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Why The Facebook Marketplace Should Scare ECommerce Sites

In October of 2016, Facebook launched what it is calling its Marketplace, which enables Facebook users to browse, buy, and sell items with the people in their communities. As a result, it can be considered a competitor to e-commerce sites such as Amazon, eBay, Craigslist, among others, though it remains to be seen whether it will prove successful or not.

Why Should Facebook's Marketplace Scare E-Commerce Sites?

There are a number of reasons that Facebook's Marketplace should scare e-commerce sites such as eBay and Craigslist:

  • The more people who use such sites, the more popular that such sites become because of the increasing selection of items that can be found for sale, which makes it that much easier for shoppers to find whatever it is that they are looking for at a price that they are willing to accept. For reference, Facebook has 1.5 billion users. Furthermore, it has stated that more than 450 million of its users visit what are called buy and sell groups on a regular basis, meaning that Facebook has an enormous number of potential customers at its disposal.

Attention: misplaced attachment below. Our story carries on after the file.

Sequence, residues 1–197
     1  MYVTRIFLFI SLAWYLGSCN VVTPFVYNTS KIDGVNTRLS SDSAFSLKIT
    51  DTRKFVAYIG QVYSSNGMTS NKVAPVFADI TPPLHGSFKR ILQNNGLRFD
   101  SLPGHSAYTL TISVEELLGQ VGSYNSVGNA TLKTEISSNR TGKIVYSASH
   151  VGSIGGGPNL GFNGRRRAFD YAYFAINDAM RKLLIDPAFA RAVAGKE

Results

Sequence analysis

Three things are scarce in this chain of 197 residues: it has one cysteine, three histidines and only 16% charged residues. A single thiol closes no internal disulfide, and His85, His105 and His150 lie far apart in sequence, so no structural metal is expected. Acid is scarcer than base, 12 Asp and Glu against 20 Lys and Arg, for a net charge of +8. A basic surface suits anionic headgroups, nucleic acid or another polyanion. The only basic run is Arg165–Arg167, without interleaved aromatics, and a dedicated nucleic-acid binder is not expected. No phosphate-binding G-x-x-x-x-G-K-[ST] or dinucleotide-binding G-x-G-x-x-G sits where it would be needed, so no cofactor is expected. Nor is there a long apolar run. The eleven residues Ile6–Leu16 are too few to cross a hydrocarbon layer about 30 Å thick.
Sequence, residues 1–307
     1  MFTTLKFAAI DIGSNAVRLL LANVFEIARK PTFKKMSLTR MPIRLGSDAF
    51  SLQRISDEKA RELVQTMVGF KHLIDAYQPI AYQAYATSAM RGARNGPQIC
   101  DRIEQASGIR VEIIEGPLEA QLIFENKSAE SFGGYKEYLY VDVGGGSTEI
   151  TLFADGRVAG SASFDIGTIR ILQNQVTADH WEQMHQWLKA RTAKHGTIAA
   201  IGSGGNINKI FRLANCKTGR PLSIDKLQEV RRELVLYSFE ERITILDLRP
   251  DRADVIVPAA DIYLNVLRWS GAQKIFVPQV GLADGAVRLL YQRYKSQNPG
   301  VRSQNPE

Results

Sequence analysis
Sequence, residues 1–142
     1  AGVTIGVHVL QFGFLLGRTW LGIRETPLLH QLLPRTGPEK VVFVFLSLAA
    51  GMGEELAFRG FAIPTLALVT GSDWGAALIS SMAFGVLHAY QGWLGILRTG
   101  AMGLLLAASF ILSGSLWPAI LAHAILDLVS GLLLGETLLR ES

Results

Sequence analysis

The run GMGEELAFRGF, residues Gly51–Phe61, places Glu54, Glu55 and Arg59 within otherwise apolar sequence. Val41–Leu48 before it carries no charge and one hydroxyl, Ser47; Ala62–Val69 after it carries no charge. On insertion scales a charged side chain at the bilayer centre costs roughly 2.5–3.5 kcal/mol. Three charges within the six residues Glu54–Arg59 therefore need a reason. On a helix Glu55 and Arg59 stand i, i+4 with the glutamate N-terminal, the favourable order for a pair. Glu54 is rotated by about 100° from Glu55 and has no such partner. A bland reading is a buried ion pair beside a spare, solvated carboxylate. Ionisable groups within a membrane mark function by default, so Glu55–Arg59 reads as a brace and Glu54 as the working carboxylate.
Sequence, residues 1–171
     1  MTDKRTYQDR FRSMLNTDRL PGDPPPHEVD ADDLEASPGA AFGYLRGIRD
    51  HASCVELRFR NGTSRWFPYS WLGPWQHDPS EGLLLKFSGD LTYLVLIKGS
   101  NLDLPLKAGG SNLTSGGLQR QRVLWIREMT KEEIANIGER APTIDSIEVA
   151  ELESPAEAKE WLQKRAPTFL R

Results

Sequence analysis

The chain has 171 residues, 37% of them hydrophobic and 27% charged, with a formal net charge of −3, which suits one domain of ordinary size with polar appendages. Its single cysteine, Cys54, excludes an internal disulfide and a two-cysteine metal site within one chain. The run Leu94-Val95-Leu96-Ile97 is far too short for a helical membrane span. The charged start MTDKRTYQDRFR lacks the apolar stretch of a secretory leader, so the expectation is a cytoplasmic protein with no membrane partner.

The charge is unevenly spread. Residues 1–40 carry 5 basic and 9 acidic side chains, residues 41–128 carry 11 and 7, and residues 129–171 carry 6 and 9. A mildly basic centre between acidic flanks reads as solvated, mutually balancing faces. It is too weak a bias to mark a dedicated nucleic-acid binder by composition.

• On a related note, Marketplace is even more convenient because it has been incorporated into Facebook, meaning that interested individuals can access it with no more than a single click, thus increasing their chances of visiting it for their buying and selling needs rather than one of the other e-commercial sites out there. For that matter, buying and selling items on the site is not that much more difficult. After all, finding items for purchase is as simple as entering a search term before narrowing down the results with the use of prices, categories, and locations. Likewise, selling items can be done by snapping a picture of the item for sale, entering a name, a price, and a short description, and then posting the result to the site before waiting for the offers to come in.